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The Evocation of Human Emotion in A Perfect Match by Jodi Picoult

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A prosecutor against child molesters, Nina Frost, knows all too well the loopholes the justice system entails and when it is her own five-year-old son, Nathaniel, who has been sexually assaulted, her husband, Caleb, and her lives flips upside down because Nina knows too clearly that her son will not find justice within the courts. Nina goes ahead with her own plan to bring her son justice, regardless of the consequence, no matter the sacrifice. Jodi Picoult causes the reader to truly understand what her characters were feeling as well as what was going on in the story. If Nina was upset, the reader felt upset and knew why. When Nathaniel stopped talking, the audience felt the pain that he did. Picoult took her readers not only into the…show more content…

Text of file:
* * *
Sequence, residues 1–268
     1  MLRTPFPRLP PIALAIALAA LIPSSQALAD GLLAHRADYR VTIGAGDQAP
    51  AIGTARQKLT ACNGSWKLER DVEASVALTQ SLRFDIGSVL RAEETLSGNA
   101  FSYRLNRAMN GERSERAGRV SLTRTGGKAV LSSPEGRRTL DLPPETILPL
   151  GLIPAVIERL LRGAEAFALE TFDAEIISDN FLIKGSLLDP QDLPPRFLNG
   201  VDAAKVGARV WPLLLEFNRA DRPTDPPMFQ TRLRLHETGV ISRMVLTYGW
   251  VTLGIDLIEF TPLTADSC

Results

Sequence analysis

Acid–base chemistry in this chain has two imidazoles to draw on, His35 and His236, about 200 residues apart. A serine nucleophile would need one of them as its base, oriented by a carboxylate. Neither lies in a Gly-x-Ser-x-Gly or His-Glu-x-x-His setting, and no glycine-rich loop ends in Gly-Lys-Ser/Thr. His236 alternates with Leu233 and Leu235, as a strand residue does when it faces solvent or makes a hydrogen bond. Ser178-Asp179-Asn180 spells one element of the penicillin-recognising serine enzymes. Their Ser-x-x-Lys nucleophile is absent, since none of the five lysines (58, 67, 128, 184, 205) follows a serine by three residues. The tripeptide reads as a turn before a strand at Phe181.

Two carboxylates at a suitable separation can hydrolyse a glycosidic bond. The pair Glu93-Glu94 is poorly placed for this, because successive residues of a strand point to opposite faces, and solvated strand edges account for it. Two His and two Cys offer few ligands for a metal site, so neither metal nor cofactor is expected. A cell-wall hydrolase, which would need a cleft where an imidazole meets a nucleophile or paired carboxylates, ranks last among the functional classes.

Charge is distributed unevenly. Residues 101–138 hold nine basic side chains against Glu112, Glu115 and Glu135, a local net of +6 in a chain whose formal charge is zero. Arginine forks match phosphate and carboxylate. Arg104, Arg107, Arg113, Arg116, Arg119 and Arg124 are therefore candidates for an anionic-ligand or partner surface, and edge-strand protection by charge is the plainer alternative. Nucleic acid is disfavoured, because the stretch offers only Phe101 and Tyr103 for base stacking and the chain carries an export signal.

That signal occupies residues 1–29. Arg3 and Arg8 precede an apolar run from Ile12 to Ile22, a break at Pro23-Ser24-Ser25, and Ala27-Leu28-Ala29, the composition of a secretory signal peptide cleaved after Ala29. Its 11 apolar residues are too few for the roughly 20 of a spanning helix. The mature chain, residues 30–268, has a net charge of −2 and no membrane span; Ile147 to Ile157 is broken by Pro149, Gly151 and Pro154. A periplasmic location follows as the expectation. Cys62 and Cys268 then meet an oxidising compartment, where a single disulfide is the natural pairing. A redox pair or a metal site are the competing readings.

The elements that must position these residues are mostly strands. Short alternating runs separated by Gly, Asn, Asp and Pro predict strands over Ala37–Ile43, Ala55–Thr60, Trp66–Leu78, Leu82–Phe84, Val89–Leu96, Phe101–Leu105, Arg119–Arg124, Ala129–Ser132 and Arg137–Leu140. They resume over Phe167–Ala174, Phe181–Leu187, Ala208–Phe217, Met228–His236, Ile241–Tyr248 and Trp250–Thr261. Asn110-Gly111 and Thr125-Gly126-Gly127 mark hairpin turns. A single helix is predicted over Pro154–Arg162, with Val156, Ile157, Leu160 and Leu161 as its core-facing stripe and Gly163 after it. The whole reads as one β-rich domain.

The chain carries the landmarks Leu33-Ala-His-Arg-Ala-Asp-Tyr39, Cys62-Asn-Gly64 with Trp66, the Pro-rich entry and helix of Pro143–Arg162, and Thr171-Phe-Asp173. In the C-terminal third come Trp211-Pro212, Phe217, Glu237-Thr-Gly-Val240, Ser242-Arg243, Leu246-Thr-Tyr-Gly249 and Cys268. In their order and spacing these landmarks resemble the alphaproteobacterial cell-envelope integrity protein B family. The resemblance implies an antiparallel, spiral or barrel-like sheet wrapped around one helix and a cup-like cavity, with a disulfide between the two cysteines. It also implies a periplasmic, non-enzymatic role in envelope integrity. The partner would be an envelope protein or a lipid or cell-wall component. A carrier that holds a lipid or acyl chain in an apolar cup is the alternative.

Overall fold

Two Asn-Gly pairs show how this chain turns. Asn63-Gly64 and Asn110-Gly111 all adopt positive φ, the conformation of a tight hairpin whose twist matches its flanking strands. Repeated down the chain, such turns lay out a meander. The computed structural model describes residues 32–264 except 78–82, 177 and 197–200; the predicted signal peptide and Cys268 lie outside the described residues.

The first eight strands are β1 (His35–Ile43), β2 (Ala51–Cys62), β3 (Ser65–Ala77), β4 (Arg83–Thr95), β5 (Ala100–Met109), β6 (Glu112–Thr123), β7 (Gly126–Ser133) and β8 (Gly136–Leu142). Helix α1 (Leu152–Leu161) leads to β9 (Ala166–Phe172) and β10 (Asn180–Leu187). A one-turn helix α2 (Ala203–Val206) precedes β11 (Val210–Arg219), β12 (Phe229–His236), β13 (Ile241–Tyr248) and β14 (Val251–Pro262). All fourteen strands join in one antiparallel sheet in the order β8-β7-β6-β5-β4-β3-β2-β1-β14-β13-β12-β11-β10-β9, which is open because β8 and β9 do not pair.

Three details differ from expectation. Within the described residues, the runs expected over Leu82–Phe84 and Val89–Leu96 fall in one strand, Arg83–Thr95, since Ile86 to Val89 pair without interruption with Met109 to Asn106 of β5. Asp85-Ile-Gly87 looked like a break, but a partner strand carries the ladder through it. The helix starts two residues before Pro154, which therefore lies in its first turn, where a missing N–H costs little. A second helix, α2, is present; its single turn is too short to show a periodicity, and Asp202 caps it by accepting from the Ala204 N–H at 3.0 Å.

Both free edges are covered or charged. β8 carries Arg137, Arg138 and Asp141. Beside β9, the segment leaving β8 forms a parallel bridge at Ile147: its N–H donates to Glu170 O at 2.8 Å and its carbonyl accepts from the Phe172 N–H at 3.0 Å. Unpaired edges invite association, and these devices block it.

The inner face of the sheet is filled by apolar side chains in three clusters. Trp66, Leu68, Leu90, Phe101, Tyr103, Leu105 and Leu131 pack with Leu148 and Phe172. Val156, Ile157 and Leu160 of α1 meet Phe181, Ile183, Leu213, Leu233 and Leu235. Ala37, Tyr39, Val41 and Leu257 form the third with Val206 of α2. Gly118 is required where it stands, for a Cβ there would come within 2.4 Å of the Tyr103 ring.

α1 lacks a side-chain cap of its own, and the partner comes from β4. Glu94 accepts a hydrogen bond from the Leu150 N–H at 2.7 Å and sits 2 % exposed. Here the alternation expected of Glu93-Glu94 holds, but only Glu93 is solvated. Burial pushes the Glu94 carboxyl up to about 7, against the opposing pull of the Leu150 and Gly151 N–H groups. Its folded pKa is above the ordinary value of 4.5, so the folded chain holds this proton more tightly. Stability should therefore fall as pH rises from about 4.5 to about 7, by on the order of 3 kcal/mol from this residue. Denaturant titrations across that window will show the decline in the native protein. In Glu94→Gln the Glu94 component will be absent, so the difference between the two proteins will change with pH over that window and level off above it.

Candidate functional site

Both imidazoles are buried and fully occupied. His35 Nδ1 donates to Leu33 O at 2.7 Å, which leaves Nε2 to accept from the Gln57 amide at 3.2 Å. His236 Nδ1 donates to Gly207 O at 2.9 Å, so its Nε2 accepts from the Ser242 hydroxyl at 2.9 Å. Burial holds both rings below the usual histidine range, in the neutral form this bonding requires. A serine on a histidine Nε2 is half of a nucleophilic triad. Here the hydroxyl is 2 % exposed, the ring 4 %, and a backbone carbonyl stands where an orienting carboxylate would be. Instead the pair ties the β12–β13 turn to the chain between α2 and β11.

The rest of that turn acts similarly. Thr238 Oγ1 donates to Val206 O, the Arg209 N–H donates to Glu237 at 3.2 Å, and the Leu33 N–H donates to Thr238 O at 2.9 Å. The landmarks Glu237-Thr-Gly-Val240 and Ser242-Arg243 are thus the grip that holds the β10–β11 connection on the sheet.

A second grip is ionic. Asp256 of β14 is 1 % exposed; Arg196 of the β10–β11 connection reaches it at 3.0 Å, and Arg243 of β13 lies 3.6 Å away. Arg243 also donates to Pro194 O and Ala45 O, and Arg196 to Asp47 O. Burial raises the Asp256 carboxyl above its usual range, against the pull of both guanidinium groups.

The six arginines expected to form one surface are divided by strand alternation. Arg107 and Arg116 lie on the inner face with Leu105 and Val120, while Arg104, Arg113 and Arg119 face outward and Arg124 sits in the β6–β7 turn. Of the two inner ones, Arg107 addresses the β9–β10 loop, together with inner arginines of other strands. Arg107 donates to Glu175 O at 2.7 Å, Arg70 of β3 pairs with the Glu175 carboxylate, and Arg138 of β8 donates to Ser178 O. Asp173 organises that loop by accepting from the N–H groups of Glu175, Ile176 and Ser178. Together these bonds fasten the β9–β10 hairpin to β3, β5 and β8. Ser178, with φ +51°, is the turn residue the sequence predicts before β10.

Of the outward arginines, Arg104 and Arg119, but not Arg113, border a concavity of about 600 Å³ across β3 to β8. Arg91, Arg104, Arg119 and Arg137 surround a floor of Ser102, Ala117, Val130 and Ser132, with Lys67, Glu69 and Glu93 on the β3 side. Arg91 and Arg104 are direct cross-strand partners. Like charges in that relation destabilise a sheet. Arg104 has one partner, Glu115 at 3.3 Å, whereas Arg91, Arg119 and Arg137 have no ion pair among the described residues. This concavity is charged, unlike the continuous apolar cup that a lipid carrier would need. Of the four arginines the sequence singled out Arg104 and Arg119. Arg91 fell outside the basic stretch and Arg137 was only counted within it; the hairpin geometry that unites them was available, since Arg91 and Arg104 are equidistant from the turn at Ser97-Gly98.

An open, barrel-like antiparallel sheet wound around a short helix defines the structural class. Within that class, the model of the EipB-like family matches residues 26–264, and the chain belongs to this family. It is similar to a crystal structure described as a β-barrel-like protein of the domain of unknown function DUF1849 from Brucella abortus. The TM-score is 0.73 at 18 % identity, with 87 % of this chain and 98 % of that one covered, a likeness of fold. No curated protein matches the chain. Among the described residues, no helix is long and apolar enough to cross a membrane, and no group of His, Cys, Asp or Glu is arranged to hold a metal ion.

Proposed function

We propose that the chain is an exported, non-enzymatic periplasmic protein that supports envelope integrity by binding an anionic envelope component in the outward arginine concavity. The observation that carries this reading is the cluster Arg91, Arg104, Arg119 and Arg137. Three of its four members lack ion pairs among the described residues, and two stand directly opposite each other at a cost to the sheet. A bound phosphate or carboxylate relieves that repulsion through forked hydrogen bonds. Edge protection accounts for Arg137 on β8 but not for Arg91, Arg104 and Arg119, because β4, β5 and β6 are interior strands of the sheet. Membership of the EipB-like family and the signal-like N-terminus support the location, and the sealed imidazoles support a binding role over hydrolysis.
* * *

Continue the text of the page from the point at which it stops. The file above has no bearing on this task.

Sometimes people pass judgment too quickly, and can act upon an event too fast. A little boy can talk, but not always have the right words. Jodi’s Perfect Match exceeded expectations beyond belief. Throwing twists and turns on every page, as well as lessons. Jodi made her readers become so emotionally invested in her characters that the book was never wanted to end. Perfect Match continued to provide shock and excitement on every page. The book was unpredictable and had the reader second guessing themselves the whole time. The reactions were endless. The beautiful love story between Nina and Caleb had the audience yearning for more (Picoult 1-351). Even when difficult times came about within the relationship, the ultimate want was for Nina and Caleb to work it out. When Nathaniel exposed the horrific event that took place against him, jaws were on the floor (Picoult 42). No parent would ever want a child to be molested, and when this was revealed in the story, anger and sadness filled the atmosphere. Nina, taking matters into her own hands, shot the accused four times, killing him in the court room (Picoult 121). At this point, the reader was feeling shocked, but accompanied with almost a bit of sympathy. Lastly, Nina had killed the wrong man (Picoult 212). Talk about shock of the century. Such a sophisticated explanation was given on why the DNA had come back as positive, but also negative. The explanation was well thought out
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